Suffering as a Christian

Suffering as a Christian

Are we covenant members of a faithful church? Are we pressing on in the midst of suffering, enduring slander or worse for the cause of Christ? This strong medicine for our weak and wandering faith will prepare us faithfully for the days ahead.

When we as believers in the Lord Jesus Christ read the Word of God with faith, we are pulling down the very power of heaven to bear on our earthly trials. Because the Word of God is pure and true, we can trust it with our lives: “By this faith, a Christian believeth to be true whatsoever is revealed in the Word, for the authority of God speaking therein” (Westminster Confession of Faith 14.2). The Word of God calls us to “act differently . . . yielding obedience to the commands, trembling at the threatenings, and embracing the promises of God for this life and that which is to come” (WCF 14.2).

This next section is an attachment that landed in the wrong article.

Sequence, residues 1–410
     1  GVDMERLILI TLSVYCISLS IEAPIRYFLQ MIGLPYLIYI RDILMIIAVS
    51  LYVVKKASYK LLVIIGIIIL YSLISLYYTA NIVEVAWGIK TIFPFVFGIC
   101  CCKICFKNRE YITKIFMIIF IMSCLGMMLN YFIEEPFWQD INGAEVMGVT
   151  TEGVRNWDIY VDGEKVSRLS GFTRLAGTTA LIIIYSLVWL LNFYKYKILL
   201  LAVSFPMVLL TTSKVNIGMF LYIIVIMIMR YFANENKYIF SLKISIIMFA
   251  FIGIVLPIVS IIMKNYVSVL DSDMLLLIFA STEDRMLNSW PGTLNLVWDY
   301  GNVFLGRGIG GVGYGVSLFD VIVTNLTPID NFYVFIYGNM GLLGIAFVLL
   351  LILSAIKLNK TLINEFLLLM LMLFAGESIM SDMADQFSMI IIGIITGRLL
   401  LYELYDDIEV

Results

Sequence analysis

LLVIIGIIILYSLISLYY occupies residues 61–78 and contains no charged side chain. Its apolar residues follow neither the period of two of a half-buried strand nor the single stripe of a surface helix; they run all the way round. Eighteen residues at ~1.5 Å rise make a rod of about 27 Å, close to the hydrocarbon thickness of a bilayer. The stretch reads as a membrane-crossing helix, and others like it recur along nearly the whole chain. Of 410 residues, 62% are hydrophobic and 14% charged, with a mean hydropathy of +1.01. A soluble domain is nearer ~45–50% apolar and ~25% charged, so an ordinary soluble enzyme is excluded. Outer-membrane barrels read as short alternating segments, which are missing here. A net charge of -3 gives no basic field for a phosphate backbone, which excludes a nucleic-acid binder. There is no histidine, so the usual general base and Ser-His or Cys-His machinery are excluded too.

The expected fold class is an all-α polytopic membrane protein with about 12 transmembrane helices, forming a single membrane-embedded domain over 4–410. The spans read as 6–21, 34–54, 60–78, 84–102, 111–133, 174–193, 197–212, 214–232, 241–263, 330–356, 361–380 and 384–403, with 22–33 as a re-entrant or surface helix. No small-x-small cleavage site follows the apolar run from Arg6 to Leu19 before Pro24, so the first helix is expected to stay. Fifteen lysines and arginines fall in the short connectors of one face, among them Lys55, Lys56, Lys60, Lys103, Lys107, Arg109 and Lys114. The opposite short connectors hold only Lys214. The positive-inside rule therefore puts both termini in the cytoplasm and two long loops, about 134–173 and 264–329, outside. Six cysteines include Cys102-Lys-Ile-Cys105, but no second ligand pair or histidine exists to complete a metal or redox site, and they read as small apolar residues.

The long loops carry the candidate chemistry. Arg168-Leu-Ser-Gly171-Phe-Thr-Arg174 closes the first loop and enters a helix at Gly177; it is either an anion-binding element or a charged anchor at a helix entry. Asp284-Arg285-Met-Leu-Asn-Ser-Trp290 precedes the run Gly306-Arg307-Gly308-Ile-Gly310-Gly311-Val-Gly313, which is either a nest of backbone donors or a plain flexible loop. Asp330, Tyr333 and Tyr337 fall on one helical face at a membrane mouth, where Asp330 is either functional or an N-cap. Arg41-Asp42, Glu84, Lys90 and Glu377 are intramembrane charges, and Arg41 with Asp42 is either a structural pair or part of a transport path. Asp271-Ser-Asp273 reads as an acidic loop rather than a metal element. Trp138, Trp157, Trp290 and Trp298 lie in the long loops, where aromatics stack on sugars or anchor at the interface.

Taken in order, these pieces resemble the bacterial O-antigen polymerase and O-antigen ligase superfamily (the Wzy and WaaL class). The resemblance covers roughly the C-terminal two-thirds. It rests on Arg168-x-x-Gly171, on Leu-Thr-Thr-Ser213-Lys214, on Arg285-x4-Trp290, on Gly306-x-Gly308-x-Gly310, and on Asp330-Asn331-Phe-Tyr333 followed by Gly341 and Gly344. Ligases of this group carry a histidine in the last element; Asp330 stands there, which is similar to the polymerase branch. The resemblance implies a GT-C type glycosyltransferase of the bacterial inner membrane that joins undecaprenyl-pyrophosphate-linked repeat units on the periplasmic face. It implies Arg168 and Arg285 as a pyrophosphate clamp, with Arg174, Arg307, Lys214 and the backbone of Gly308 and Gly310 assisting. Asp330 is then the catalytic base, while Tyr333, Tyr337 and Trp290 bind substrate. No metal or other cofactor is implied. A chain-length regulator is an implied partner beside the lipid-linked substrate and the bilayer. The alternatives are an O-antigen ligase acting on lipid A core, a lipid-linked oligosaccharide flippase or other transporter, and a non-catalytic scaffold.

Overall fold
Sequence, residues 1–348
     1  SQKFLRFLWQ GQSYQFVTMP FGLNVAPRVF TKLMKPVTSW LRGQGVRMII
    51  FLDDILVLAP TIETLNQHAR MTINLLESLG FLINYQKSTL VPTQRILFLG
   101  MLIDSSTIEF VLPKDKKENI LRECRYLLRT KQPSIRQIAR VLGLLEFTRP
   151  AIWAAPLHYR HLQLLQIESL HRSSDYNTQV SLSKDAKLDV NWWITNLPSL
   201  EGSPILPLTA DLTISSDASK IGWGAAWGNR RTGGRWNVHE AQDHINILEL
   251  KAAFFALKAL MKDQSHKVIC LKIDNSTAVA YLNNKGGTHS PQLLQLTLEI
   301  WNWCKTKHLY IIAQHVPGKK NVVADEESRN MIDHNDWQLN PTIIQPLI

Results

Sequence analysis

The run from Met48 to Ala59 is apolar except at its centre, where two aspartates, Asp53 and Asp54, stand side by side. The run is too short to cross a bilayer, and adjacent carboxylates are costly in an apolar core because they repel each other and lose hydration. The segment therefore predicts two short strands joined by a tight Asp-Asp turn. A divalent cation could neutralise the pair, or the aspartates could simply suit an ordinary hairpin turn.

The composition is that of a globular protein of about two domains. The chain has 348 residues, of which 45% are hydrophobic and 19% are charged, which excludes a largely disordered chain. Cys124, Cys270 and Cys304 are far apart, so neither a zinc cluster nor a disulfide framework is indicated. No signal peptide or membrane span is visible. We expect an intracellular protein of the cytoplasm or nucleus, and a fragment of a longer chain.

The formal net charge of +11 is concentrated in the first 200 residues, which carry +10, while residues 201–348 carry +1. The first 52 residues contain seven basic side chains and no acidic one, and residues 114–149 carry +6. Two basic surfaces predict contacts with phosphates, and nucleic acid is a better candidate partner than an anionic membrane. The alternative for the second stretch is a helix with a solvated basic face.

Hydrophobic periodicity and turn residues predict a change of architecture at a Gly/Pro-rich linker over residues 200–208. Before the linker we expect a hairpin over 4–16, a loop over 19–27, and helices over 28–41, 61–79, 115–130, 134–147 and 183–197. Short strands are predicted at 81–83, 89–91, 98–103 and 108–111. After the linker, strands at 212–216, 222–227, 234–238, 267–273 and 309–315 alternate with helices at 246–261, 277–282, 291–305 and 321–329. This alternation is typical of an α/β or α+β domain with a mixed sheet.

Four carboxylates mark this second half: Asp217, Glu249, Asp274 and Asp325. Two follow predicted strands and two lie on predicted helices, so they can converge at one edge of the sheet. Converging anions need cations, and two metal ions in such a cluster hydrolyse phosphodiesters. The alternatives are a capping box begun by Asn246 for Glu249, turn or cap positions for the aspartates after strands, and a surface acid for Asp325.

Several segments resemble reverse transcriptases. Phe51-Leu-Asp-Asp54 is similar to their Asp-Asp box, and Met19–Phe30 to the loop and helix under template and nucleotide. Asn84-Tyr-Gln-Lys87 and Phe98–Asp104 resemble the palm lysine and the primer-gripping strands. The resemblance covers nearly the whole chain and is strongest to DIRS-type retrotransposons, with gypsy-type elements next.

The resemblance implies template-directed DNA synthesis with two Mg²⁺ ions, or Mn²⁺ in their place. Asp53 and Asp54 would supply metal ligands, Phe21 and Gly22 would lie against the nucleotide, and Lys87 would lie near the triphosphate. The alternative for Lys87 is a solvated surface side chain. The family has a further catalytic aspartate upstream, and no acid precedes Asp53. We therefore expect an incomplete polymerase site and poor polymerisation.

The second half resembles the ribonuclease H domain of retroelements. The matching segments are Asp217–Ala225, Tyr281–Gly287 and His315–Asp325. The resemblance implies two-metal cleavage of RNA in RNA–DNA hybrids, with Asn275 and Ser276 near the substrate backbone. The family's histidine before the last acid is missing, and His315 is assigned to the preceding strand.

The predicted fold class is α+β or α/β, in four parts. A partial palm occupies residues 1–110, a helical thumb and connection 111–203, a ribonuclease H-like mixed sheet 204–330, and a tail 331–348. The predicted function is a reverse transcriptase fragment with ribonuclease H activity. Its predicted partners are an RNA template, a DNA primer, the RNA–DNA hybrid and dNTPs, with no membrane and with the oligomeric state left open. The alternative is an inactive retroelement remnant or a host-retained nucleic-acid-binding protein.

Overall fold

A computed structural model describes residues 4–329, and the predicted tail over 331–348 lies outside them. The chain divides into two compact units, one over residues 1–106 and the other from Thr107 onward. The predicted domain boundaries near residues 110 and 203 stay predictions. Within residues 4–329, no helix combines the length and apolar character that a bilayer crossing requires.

First Peter 4:12–19 is written in the rhetorical style of paraenesis—it offers strong encouragement to press on even when it hurts and to not change course because of intense suffering that we will experience. This strong exhortation pushes believers to grow into mature saints. In this passage, Peter commands us to do things that we cannot do without the Lord’s grace: to face the fiery trial with expectation that we will suffer (v. 12); to rejoice in the midst of suffering (v. 13); to interpret the slander that comes our way because of our strong stance for the Christian faith as a blessing from God Himself and a proof of the Spirit of glory resting upon us (v. 14); to mortify all sin and all potential sin, especially murder, robbery, and meddling (v. 15); to glorify the name of God in our words and our deeds as we suffer for the faith (v. 16); to expect God’s hard and rebuking judgment upon the nation to start with the church (v. 17); to realize that, as John Calvin puts it, we can arrive in heaven only after escaping a thousand deaths on earth (what Peter calls being “scarcely saved”). And if all this isn’t enough, God expects us to continue in doing good works in the midst of this agony (v. 19). Written to suffering Christians who are covenant members of a faithful and visible church, belonging to the church and to one another (vv. 1–11), 1 Peter 4:12–19 raises an important question: Why does a God who loves us as a gracious Father want us to suffer for the name of Christ?

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